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Mindfulness and Death

Ironically, awareness of death can sharply improve your quality of life.

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Death is a taboo topic. It honestly feels risky writing about this; I have no idea how readers will respond. That said, it's worth considering. One of my favorite lessons on Dr. Sam Harris' Waking Up app is his lesson on death. He brings to mind that death pokes fun at everything we do and care about. It makes itself present in all of our lives whether we talk about it or not. We can’t avoid it; it really is the only certainty in our lives. It perpetually broadcasts itself to us all the time; in the news, in the lives of ailing friends, colleagues, and family. If you pay close attention, you’ll realize that you spend a substantial portion of your day attempting to stay alive; when you cross the street, when you avoid texting and driving, and when you schedule a doctor's appointment when you’re worried about something in your body.

The good news is that awareness of death is a potent doorway into mindfulness and gratitude. When you know there will be a last time you do everything, that your days are numbered, that there’s a clock that you can’t see ticking your life away, you really can savor the most mundane and even unpleasant of tasks, and embody an ontological mode of being.

Two years ago, my dear aunt died from cancer. My parents told me she was there when I was born and held me minutes after I exited my mother's womb. I have special memories of staying with her from when I was two to five years old, all the way to discussing my pending transition to study at the University of Georgia for a year in 2015. Chemotherapy was no match for the stage 4 cancer and 10 weeks before she passed, she made a conscious choice to surrender to her destiny and fade away peacefully in her home with her husband, away from hospitals and aggressive medical treatments. Never before had I confronted the fragility and temporary nature of life. I had lost my grandparents over a decade ago, and while it hurt, it did feel like losing them was naturally part of the life cycle. My aunt, on the other hand, only 63 years old, was the healthiest person you could meet. She exercised often, meditated regularly, ate healthfully, and had an extremely deep and loving bond with my uncle. Her death led me to examine my own mortality; I too, just like everyone else, will die. I will lose everyone I love, and you will too.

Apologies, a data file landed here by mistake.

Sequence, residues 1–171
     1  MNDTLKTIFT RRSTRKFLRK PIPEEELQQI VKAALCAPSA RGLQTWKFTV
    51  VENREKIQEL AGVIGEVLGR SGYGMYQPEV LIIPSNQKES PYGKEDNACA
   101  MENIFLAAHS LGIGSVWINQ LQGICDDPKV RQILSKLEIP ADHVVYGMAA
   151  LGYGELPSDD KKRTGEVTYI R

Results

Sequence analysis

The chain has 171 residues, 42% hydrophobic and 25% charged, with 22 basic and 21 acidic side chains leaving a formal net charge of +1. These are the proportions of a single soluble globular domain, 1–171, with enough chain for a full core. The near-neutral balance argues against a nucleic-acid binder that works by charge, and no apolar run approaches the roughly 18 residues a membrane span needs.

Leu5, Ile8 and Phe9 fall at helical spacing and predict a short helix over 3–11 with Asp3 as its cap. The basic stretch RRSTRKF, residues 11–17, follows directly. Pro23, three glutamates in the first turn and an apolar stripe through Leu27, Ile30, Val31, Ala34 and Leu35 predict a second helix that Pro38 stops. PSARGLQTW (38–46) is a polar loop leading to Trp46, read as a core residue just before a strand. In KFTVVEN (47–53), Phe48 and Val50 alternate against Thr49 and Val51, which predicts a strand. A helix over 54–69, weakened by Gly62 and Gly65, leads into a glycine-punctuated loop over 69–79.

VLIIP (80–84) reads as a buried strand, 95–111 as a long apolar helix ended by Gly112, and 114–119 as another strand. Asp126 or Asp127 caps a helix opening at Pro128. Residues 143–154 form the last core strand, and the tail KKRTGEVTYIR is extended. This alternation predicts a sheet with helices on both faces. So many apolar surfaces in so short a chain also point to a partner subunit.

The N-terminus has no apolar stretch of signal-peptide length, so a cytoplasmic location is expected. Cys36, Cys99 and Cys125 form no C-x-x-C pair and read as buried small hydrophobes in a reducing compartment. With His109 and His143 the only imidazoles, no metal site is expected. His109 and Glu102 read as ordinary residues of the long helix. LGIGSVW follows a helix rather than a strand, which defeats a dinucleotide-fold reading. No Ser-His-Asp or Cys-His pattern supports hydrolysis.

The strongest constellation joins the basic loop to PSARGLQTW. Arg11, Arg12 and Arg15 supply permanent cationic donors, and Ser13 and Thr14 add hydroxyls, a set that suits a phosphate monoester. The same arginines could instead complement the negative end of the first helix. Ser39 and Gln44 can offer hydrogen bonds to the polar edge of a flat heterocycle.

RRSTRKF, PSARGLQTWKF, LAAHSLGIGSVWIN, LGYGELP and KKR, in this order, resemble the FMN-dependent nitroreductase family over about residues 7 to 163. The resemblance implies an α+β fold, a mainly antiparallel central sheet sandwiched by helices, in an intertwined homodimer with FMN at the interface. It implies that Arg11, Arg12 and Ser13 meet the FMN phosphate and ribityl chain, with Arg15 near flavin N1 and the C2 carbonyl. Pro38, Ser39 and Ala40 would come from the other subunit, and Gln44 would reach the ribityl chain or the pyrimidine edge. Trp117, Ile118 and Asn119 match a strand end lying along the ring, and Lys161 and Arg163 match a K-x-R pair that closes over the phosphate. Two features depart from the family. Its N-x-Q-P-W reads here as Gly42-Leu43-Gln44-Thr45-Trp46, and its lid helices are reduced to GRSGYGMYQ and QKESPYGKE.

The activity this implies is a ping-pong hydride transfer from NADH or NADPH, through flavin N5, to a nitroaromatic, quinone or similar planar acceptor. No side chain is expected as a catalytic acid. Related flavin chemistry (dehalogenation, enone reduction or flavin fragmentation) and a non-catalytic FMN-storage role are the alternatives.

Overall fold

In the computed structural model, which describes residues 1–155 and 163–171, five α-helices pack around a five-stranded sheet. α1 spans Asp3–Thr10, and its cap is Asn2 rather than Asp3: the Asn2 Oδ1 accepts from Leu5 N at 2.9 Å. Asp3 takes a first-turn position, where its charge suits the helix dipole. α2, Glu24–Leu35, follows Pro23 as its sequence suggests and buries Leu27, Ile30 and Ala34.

I know this is not a comfortable reality, but awareness of this has the potential to powerfully transform your life. A long-time Buddhist monk and scholar, Sogyal Rinpoche, put me a little more at ease with this quote, which I'll never forget:

"When we finally know we are dying, and all other beings are dying with us, we start to have a burning, almost heartbreaking sense of the fragility and preciousness of each moment and each being, and from this can grow a deep, clear, limitless compassion for all beings."

I want to live every day with this in mind and hold this close in all my interactions with others. How would you respond differently to being stuck in traffic, when you’re acutely aware that you, everyone you love, and all the other disgruntled drivers around you, will die? Whose struggles may be surprisingly comparable to your own? What about waiting in line at the DMV or airport security? How will your irate indignation transform when you’re deeply in touch with the fleeting preciousness of every moment and life's inherent impermanence?

Mindfulness practice can produce this type of transformative awareness. To put this into practice, the next time you find yourself in an ordinarily frustrating situation, pause for a few seconds to notice what’s happening in your body, feelings, and mind. Then, purposely consider how your future self, when close to death, would have wanted you to respond to this precise moment. What would your future self tell you? Can you picture them? What’s their nugget of wisdom and perspective for you? And if you let it sink in, how does it feel? How does your body respond to your future self's wisdom? This can quickly and powerfully change the quality of your mind, awareness, perspective, and attention.

This post is for educational purposes and is not meant to substitute for psychotherapy with a qualified professional.